Psychiatric medications: Are they being prescribed too readily?
Updated: Jan 27, 2022
I read an article in The Telegraph on Saturday which highlights the potential problems we are now facing as a result of increased awareness around mental health.
I had not considered there to be any negatives regarding mental health awareness before now, but after reading the article I have realised that there could be a problem.
Miranda Levy writes that although increasing awareness and stigma around mental health is obviously great, there is now a risk that people are confusing their feelings with mental health conditions like depression and bipolar disorder.
I had never even thought about this being a problem until I read the statistics - six million people were prescribed anti-depressants in just a three-month period last year, which, to me, seems like an inordinate number.
Yet again, these problems come down to a lack of education, which results in confusion between natural feelings or emotions and psychiatric problems and illnesses.
It infuriates me when I hear people say; 'I'm so depressed' or 'I think I might be a bit bipolar', because these conditions are serious, even life-threatening in many cases, and to those of us who suffer from them, these comments are insulting.
Depression is not sadness, tiredness, grief or even 'low-mood'. It is something far, far worse, in fact the word ‘depression‘ doesn't even describe the reality of the hell that it creates; I think there should be an even more graphic word that encapsulates the true horror.
For me it barely feels survivable, and I have only managed to stay alive by basically giving up everything, going to bed for months on end, living with my parents to the age of forty, desperately resisting my own thoughts of suicide and clinging on by the finger nails.
Depression is a darkness that is hard to describe but it rips your life away from you, makes it virtually impossible to connect with other people, completely disrupts your sleep pattern, takes every scrap of your energy away, and leaves you feeling terrified, alone and completely isolated.
Similarly, bipolar is not about just the usual ebbs and flows of mood that the average person experiences. If you have it then believe me, you know about it. Again, it is disruptive and it makes holding down a job or even performing simple daily tasks feel almost impossible.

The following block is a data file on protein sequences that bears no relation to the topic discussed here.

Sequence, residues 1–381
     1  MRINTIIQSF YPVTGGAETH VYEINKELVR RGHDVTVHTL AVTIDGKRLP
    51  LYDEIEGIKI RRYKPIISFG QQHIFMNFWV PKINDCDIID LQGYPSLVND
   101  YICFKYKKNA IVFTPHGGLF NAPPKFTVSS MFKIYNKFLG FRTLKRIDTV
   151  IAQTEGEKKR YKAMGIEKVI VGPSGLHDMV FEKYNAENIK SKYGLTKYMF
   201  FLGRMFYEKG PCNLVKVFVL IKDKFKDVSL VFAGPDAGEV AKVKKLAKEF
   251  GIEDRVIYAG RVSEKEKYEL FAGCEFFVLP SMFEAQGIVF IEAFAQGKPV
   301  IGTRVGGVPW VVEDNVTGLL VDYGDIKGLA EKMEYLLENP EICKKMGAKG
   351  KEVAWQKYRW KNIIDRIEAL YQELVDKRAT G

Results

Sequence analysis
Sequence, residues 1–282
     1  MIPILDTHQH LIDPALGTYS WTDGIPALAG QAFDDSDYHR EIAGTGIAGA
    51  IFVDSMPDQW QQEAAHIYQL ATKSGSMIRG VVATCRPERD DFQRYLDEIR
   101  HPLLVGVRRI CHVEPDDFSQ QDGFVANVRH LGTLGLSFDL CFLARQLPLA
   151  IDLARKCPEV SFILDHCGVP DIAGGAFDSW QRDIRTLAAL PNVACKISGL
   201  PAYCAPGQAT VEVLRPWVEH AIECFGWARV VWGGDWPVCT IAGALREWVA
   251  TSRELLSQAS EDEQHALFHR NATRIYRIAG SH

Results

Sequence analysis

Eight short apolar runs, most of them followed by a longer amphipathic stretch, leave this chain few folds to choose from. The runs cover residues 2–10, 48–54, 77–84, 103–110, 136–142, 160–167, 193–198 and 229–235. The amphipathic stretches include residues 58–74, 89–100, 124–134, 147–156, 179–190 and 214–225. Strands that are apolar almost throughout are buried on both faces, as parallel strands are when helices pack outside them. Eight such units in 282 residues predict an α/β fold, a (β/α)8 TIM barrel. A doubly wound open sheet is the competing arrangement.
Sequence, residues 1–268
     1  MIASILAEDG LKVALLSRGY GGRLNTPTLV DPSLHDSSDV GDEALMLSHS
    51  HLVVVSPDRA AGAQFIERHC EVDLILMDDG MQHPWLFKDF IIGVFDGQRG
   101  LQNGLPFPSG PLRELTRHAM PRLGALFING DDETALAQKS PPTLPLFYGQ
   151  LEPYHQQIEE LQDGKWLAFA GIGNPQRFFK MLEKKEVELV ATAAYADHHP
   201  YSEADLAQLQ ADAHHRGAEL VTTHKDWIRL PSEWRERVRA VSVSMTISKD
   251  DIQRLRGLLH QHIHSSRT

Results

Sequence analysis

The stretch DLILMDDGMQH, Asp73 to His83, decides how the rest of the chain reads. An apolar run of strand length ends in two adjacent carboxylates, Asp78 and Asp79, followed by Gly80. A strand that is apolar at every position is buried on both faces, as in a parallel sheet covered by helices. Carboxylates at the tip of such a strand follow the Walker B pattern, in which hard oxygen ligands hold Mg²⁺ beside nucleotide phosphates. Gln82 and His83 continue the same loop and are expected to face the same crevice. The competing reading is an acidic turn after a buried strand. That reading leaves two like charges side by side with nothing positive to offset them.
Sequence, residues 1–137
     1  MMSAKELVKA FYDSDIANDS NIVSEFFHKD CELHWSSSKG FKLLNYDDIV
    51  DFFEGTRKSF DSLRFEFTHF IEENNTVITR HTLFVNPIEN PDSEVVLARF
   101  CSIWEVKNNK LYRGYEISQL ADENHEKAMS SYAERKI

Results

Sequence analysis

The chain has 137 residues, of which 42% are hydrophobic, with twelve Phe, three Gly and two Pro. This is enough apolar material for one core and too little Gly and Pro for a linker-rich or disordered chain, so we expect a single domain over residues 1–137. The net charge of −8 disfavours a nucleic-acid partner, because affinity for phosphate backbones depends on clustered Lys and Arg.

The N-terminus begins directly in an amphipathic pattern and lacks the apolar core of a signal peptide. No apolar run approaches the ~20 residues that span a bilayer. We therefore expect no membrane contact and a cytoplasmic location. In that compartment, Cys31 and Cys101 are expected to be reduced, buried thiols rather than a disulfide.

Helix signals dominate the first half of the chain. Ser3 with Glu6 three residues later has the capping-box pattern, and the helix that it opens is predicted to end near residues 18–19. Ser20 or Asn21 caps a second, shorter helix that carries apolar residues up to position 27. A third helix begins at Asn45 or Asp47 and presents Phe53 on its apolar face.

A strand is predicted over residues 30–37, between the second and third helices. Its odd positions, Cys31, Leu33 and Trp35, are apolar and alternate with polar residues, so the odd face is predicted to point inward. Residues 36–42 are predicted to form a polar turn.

In the article, Miranda tells us that she had a huge breakdown which resulted in her being prescribed anti-depressants. She refers to her dalliance with psychiatric medications as a ten-year-long 'safari' during which she was given countless different ones and labelled with all sorts of different diagnoses.
My own psychiatric 'safari' has lasted double that of Miranda's, I am just about back to being me again but it has taken quite something to get here. Like Miranda, I was given just about every anti-depressant on the market and then labelled 'treatment resistant' when I didn't respond to any of them. It is now generally recognised in psychiatry that anti-depressants make people who have bipolar disorder worse. These drugs can even preempt the onset of bipolar illness. There is so much trial and error, with the emphasis on the error, and it's affecting people in really serious ways.
Like Miranda I have endured a myriad of side effects from itchy rashes to brain zaps, hallucinations and nightmares. If the drugs don't work for you there's the added complication of getting off them which presents another whole range of problems. Other side effects include diarrhea, cold sweats, fatigue and sexual dysfunction. We're giving these to people who are already on the edge with depression, they really don't need all these added complications to add to their misery.
How I have survived this barrage of psychiatric medications and horrific side effects, as well as the illness itself, is little short of a miracle. The fact that I have makes me feel compelled to share my story, give insight into the illness and educate others around the subject of mental health through my own lived experience.
What we really need to be focusing on now is effective medications that don't come with terrible side effects, education surrounding all aspects of mental health, and suicide prevention to save more people and avoid the horrific knock-on effects that it causes.
The take-out point from today's post is that psychiatric medications can bring with them their own complications. The patient should be completely aware of the potential problems and be educated around their own symptoms so that regular feelings and emotions are not confused with mental illness.
If you would like to read more about the potential side effects of psychiatric drugs I have added a link to a site called Psych Central which you can find here.
I have also added an interesting video with a psychiatrist which you can find on the home page.
Thanks for reading,
Speak to you soon,